Humans making autonomous evaluations and choices for themselves, freely associating insofar as the inherent limits of human-to-human communication are not a constraint, is the better path. But this cannot and does not look like centralized democracy. (And, to be extra clear about alternatives, a single tyrant, while avoiding the internal logjams in decision-making, is gonna be catastrophically disconnected from the desires and contexts of the people they rule.)

And this brings us to Black’s critique of markets specifically.

Black objects to the compressing of information involved in prices. This is a standard objection to markets, but one that rarely gets far. The price system reflects some portion of aggregate desire in relation to tradeoffs, which of course ultimately means the resolution of complex information sources into a “more” or “less” evaluation. But any system at root is going to have an energy potential that directs flows, whether in brains or economies. There is always some bare essential level of prioritization going on and the price system attempts to get at that.

Prices are hardly the only information transmitted in markets, just the baseline that other information flows ultimately try to collapse into. Markets set up incentive structures to convey not just prices and price changes but a host of other, far more contextual or particular things. Investors, speculators, local actors, etc — in a market near egalitarian distributions everyone has a stake in getting relevant information and making good predictions, and information longs to be free, so on the market any relevant information quickly gets leaked through various competitive pressures.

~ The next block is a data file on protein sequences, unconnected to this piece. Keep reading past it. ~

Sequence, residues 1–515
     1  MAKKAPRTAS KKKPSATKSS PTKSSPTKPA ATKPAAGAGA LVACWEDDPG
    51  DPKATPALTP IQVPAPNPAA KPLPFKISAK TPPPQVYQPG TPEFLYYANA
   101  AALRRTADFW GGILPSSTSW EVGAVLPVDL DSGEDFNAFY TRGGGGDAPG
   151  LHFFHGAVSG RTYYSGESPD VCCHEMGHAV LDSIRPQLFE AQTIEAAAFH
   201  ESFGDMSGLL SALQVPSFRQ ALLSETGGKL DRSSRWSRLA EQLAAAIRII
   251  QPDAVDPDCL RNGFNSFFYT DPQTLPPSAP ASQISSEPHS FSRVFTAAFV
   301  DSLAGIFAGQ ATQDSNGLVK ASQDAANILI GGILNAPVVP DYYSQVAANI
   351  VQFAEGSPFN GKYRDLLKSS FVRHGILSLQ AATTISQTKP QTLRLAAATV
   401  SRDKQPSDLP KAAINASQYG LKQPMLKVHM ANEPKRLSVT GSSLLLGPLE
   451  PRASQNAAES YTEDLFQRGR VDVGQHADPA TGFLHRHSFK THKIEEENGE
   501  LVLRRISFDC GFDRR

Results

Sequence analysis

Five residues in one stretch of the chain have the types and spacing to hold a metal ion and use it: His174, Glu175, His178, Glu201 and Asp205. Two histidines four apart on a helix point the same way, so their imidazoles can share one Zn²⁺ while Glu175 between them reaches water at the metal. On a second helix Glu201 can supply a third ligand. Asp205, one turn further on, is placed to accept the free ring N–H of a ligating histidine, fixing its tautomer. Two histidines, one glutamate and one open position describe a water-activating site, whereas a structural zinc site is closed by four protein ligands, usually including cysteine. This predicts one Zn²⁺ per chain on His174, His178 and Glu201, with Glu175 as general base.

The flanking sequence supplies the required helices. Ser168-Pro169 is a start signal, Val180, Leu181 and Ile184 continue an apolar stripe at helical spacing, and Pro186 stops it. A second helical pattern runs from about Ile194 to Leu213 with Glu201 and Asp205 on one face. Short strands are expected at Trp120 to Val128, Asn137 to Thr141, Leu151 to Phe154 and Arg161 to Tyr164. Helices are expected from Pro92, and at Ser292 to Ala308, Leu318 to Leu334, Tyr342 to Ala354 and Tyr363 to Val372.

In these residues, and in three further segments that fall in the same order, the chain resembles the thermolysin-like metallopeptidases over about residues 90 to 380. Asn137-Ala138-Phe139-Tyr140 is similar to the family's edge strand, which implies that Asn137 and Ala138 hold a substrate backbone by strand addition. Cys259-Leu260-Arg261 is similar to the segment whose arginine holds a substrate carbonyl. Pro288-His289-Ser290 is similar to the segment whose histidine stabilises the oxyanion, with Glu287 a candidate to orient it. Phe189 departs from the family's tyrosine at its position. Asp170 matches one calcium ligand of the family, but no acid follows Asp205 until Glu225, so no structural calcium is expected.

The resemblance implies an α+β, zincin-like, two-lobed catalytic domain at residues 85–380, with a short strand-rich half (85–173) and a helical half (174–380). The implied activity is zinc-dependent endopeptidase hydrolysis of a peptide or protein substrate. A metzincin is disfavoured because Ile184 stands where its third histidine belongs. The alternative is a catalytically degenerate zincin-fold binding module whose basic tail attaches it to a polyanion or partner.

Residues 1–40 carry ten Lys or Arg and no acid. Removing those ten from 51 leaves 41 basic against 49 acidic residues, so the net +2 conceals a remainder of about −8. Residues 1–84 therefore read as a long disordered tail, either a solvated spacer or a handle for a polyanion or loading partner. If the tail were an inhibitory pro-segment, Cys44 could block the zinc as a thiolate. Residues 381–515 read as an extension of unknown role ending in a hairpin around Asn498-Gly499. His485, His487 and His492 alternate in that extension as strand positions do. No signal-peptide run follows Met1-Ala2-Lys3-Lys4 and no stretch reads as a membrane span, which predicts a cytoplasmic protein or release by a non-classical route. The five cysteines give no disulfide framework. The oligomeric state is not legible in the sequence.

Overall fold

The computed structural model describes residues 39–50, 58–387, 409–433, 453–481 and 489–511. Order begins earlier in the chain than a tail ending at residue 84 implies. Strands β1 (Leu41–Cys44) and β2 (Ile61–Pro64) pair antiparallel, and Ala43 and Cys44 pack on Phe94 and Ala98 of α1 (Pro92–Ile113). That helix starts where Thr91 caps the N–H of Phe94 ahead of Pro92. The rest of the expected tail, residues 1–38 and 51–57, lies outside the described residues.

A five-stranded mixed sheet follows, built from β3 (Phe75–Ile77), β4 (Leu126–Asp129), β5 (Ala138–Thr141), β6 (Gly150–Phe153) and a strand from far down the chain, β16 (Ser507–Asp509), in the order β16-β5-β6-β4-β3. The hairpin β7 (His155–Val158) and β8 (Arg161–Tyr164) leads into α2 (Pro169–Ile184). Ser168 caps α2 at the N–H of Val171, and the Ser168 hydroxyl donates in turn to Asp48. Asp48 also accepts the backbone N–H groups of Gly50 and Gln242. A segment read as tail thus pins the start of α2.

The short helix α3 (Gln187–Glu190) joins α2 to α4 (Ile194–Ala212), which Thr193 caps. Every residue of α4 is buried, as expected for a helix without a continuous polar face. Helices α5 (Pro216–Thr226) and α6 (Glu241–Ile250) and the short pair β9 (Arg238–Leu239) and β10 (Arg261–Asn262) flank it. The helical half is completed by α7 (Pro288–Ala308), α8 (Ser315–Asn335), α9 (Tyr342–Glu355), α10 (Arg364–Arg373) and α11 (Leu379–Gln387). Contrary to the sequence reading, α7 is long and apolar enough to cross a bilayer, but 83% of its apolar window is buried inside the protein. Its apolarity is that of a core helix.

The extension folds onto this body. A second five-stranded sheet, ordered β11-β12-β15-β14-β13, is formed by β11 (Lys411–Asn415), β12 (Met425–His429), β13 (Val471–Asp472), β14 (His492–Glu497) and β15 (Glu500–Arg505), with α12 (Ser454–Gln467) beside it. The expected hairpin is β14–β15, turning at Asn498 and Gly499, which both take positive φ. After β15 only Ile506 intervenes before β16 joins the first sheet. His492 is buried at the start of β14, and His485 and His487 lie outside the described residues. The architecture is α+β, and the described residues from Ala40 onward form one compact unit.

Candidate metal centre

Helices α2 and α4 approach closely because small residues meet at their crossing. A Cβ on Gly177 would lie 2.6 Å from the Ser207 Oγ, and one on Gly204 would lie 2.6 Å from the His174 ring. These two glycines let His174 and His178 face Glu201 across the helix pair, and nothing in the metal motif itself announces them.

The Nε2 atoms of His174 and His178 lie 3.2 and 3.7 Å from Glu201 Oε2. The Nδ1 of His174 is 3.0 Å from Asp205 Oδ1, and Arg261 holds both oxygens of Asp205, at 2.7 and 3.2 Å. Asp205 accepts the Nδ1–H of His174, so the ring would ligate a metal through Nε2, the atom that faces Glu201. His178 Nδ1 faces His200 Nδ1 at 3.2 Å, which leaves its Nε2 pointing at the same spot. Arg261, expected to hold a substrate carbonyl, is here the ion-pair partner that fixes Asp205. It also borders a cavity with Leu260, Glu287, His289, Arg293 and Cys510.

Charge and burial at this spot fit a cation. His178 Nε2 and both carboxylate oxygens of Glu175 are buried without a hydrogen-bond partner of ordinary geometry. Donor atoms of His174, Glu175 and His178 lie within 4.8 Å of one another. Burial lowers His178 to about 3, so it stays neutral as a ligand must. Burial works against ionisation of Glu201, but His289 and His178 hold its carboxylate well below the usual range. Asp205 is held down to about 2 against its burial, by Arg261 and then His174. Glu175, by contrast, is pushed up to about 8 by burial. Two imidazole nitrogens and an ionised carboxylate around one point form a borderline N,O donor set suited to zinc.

What’s important to note about this self-correction tendency is that it’s broadly incentivized and is allowed to take place at the individual level rather than getting bottlenecked in forced collective decisions.

It’s trivially true that a price change in isolation may not reflect the full universe of useful information to an investment, and there is even some minor latency in the propagation of price changes (although much of current latency is more of a technological artifact). What it is, however, is a concise way to aggregate relevant information and — through emergent secondary dynamics like futures markets — incentivize further aggregation of relevant and truthful information.

Black complains about speculative bubbles leading to centralized wealth, but the genesis and scale of bubbles under capitalism is primarily rooted in misallocations caused by central planners (wealthy capitalists). The centralization of investment and credit decisions into the hands of a few planners leaves them disconnected from shop-floor/etc realities. One need not look very far to see examples of absurd evaluations by venture capitalists today — clearly the product of their own insular remove. Further, because the capitalist “market” is so far from an egalitarian/competitive distribution, the pressures to return to accuracy are weaker and market corrections lag. This is worlds apart from a situation of truly distributed evaluations of investment, opportunity, and risk.

Of course there will always be unpredictable shocks and upsets in any economic system that will require restructurings in response, but centralization magnifies the catastrophe. In a non-capitalist market with far more egalitarian wealth distributions, smaller scale firms/coops, and more diverse individual income sources, there would be more fluidity and resilience in the face of necessary restructurings. Black complains that markets dislocate — severing some economic relationships and forming others — but it is precisely this dynamic that is critical to resilience.